The Fidelity Momentum Factor ETF (FDMO) is a U.S.-stock-based exchange-traded fund (ETF) that tracks...
Financials Take the Lead—Again
04/13/2009 11:09 am EST
Jim Farrish, editor of SectorExchange.com, says that Wells Fargo's surprisingly good earnings sent stocks higher last week, but he wonders if the move will last.
Technically speaking, Wells Fargo's preannouncement of earnings pushed the market higher last week and may have ignited the start of the next leg higher.
I'm not one to look a gift horse in the mouth, but we have to ask if this rally has legs or whether we will pull back from here. The logical person in me says take the money and run. The emotional one says the bottom's in and we are heading higher. Thus, I have to balance the two and use discipline to accommodate both.
The broad markets for the week were lower before Thursday's open. Then the news from Wells Fargo hit the airwaves and the rally was on. Financials gained 13.5% on the day and ended the week higher by 7.7%. The breakout move was impressive, leading the index through resistance and starting the next leg higher in the current rally off the March lows.
You know my next question: Will the rally hold? I'd rather ask whether we have more risk to our portfolio in light of the move higher on Thursday. My view is: yes! Money management is not about predicting direction; it is all about risk management. If I manage the risk, regardless of the market's direction, I will be a better investor over time. To quote Will Rogers: "I am more interested in the return of my principle than the return on my principle."
The Nasdaq 100 index has been one of the leading indices over the last five weeks, and I invested in it with PowerShares QQQ Trust ETF (Nasdaq: QQQQ). The chart below, reprinted with permission of Worden Brothers, shows how I am managing the risk in my portfolio.
A break of the down trend line off the March low-$28-was the signal for the entry. My stop was initially $25.50, just below the low of $25.72. My target was $34. Thus, I decided how to get in (entry), where to get out (stop), and where I was going (target) before buying. This simple exercise takes the emotions out of play.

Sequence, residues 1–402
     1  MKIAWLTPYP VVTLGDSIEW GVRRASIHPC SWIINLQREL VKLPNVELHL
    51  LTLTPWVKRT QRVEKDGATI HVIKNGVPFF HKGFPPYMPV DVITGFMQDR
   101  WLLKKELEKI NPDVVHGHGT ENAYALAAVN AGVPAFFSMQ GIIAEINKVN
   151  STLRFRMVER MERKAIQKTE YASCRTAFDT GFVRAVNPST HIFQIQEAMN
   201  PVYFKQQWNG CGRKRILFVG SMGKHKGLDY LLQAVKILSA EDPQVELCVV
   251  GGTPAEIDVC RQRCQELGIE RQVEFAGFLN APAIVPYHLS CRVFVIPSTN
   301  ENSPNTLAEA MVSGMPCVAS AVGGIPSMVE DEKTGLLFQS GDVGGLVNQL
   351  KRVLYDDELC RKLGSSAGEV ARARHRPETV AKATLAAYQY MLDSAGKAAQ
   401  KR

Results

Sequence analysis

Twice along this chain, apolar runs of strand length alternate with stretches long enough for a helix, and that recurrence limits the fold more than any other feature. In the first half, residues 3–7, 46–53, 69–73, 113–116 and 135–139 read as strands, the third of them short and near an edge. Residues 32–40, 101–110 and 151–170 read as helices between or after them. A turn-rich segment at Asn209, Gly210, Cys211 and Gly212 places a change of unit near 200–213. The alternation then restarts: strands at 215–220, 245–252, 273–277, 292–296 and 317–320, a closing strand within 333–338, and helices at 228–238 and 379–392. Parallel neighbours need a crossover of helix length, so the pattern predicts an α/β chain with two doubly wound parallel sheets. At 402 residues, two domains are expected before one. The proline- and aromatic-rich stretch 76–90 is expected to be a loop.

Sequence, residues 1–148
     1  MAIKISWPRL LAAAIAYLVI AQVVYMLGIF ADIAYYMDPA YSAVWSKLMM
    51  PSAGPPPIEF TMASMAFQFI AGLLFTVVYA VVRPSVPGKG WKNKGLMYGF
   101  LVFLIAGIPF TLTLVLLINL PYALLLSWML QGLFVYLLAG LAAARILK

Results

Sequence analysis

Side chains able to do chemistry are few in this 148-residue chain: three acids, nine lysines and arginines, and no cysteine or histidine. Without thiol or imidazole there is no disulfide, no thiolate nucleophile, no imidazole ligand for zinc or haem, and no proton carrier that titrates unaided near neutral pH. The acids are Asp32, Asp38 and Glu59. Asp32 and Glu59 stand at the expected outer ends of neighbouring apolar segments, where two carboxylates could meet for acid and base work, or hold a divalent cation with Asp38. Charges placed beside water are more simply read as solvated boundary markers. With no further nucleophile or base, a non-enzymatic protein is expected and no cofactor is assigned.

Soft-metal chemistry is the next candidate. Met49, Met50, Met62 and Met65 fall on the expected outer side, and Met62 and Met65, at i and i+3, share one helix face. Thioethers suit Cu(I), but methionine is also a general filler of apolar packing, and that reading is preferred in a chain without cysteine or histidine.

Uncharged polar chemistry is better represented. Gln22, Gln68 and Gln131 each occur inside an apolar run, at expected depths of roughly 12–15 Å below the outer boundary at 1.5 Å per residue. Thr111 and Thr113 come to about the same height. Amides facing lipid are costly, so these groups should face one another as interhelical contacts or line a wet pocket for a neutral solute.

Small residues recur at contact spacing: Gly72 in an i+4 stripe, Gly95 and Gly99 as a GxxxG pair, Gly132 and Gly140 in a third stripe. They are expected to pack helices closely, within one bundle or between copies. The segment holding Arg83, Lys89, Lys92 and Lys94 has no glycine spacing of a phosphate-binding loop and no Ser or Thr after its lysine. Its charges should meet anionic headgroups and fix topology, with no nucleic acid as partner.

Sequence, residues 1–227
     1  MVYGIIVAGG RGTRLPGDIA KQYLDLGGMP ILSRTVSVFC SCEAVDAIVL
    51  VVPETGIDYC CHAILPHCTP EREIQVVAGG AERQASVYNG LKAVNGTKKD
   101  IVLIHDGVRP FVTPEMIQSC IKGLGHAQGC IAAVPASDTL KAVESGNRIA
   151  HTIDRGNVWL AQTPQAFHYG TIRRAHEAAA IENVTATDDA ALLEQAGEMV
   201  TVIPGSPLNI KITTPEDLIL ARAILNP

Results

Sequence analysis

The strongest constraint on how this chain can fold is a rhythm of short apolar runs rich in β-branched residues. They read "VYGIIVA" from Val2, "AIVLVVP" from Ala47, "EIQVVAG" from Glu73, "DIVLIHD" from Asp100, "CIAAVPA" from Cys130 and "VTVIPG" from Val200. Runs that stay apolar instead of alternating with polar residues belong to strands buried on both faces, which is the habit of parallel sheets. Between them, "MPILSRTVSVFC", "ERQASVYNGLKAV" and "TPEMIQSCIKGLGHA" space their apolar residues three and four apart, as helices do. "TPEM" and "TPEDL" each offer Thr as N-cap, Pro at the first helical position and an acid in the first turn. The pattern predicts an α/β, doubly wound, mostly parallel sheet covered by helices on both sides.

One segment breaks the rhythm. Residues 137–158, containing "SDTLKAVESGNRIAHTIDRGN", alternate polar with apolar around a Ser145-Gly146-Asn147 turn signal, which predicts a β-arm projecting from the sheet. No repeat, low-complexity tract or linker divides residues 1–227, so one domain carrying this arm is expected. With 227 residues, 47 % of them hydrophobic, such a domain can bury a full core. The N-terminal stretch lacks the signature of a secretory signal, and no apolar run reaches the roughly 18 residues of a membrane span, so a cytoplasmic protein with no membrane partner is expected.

But based on Thursday's move higher, I have raised my stop to $31.25. My logical side is willing to accept that much downside risk, while my emotional side is prepared for the position to go higher should the market move more. By managing the risk of the position relative to the market, I am managing my money relative to my goal and my risk tolerance.
As we scan the ten sectors of the Standard & Poor's 500 index, we find that four broke through resistance and continued their market leadership, while the other six are limping or laggards. Current leaders technology, financials, consumer services, and industrials each started their next leg higher on Thursday. This week, we'll see if they can maintain their momentum or retreat back below the breakout levels. This will be one of the keys to the market's direction in coming weeks. If they continue higher, look for the other sectors to tag along and join the up-side breakout.
In each of these sectors it is important to redefine support levels. This allows you to determine the level of the potential pullback and manage your risk. The table below gives my view of the support levels and outlook for each of the sectors I am currently tracking.
I'm watching three things this week:
- Can we maintain the breakout moves? If we don't and stocks retreat, look for more consolidation and a pullback to support. It could be the 20- or 50-day moving average depending on how emotional investors get in response to any selling.
- Continued leadership from financials and technology. If they move higher, it will provide the leadership for the next leg up in this bull run. If they pull back, look for the rest of the market to follow.
- Watch earnings. They are center stage this week-companies like Citigroup (NYSE: C), Goldman Sachs Group (NYSE: GS), General Electric (NYSE: GE), and Intel (Nasdaq: INTC) all report—and will determine the market's direction.
Be patient with your positions. Find support and set your stops according to the risk you are willing to accept. Don't allow your emotions to overcome your discipline.Jim Farrish, founder and editor of Melbourne, Florida-based SectorExchange.com, writes regularly about sectors and speaks widely about investing and money management.
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